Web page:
“I don’t want to have to look on to someone,” Shevchenko said. “I’m not that kind of person. I do my own way in this world, and how I do it, it’s my own style. I’m not trying to pretend to be someone. No, it’s me. It’s me, and I hope that people will love it and probably will take this lifestyle for themselves, as well.”
If anything, Shevhcenko is a standard-setter, not only for the flyweight division, but for mixed martial artists as a whole. She said her mindset is something she has always carried with her, and she hopes to continue to keep the bar high for her weight class, which she believes holds the most potential in women’s MMA.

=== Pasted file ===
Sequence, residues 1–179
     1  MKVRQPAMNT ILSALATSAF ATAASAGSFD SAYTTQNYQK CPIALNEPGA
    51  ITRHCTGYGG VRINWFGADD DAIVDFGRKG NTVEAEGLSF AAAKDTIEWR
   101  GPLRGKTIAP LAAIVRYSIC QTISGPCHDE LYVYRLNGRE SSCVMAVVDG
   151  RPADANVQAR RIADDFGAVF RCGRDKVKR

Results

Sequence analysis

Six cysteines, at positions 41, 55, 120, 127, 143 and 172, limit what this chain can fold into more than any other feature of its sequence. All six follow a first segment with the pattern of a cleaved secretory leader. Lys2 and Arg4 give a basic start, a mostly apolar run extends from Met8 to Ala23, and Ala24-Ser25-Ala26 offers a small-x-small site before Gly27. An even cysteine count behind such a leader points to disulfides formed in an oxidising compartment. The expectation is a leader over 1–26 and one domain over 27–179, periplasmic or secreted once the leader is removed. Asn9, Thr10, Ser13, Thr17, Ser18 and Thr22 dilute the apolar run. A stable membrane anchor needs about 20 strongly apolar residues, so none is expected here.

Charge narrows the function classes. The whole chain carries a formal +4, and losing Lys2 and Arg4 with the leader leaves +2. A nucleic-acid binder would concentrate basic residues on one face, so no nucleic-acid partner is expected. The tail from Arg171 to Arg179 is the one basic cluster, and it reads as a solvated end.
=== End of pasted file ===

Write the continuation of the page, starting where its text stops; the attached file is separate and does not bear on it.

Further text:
“I don’t know why people keep on saying that it’s very new or something like that,” she said. “If you see each fighter, top 10 contenders, even top 15 contenders, you can see how talented they are, what kind of good shows they can bring and, of course, everything was starting from the bantamweights, then the strawweights. They have more time, but if you see it realistically, flyweight, it’s much more interesting right now.”
Over the last few months, that has rung true as the likes of Jessica Andrade, Cynthia Calvillo, and Shevchenko’s opponent at UFC 255, Jennifer Maia, all made their bones in other weight classes before moving to flyweight.